Why Fake Savings Are As Good as Real Savings
Ezra Klein remarks today on the fact that critics of President Obama's deficit plan claim that much of his savings are "fake." That is, they're savings that were going to happen anyway, so his plan doesn't really change anything:
But that means that more than a trillion dollars of our projected deficit is “fake.” That money can’t be real on one side of the ledger and fake on the other. In general, this mostly speaks to the flaws of talking about deficits in terms of dollar figures rather than debt-to-GDP ratios.
The real question for the president’s plan — or any plan — is whether it stabilizes the debt-to-GDP ratio at an acceptable level. If so, then it’s good enough. If not, then it’s not. That’s what the market cares about, and that’s what we should care about. According to the White House’s projections, their plan will leave debt-to-GDP at slightly above 70 percent in 2012.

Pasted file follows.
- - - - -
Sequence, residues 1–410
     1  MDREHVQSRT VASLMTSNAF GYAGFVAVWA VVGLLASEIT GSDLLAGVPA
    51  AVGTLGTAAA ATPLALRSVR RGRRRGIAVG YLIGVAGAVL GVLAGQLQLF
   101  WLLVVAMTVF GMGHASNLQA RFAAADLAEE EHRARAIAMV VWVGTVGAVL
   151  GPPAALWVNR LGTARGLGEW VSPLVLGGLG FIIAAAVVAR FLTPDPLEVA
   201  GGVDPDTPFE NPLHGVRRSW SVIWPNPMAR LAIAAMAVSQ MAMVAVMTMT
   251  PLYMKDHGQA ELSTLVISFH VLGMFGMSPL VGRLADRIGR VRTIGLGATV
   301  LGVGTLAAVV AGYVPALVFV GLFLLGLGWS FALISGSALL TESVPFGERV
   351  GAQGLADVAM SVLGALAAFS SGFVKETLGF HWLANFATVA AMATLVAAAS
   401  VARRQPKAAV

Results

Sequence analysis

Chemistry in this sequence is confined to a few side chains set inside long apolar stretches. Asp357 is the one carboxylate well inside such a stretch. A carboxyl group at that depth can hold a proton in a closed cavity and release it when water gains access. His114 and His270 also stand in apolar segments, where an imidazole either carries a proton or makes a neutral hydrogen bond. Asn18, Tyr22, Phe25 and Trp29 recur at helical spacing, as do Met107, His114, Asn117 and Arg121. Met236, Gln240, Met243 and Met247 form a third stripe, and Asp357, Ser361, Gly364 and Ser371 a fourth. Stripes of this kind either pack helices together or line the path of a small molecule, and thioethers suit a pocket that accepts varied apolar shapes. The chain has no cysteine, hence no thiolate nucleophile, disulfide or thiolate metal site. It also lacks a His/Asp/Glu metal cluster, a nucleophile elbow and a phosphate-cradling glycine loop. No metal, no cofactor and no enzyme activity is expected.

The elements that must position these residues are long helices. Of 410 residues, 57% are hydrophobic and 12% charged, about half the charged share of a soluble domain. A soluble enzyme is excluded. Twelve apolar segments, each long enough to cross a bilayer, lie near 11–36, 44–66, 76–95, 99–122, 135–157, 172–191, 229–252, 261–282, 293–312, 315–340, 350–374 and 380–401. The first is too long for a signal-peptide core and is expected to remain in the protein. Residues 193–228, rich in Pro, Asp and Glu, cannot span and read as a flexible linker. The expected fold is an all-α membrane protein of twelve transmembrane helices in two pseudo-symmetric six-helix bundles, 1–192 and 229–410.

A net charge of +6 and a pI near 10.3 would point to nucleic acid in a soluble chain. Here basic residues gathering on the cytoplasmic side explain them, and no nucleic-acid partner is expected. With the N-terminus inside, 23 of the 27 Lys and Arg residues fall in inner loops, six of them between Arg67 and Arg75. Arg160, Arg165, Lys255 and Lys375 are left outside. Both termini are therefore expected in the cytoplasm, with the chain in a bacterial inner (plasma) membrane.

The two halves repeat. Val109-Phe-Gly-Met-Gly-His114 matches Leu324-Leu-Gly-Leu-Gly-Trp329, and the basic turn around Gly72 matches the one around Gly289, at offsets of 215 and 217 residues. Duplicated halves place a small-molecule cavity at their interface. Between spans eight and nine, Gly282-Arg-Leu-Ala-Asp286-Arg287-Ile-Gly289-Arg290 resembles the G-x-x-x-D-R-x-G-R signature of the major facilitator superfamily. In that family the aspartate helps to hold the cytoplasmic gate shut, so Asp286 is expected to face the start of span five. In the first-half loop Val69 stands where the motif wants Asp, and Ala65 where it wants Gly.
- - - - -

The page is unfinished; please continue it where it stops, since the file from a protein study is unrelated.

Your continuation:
Good point. The savings are either real or they're fake, and if they're fake they shouldn't be counted to begin with. Of course, that would mean that our existing deficit situation is less dire than it appears, and that would be inconvenient for the Chicken Littles.
In the end, Ezra is right: who cares? Either the budget gets into primary balance (i.e., not counting interest payments) in a suitable time frame or it doesn't. If it does, everything is fine and it really doesn't matter much which baseline you used to calculate things. And as you can see on the right, the Obama administration projects that their plan will reduce the country's debt-to-GDP ratio consistently from 2014 forward. You may or may not believe that this is actually going to happen, but that's a political judgment. If Congress actually enacts the president's plan, then our debt load will start to go down, and it will go down regardless of whether any of his proposed savings are "fake" or "real."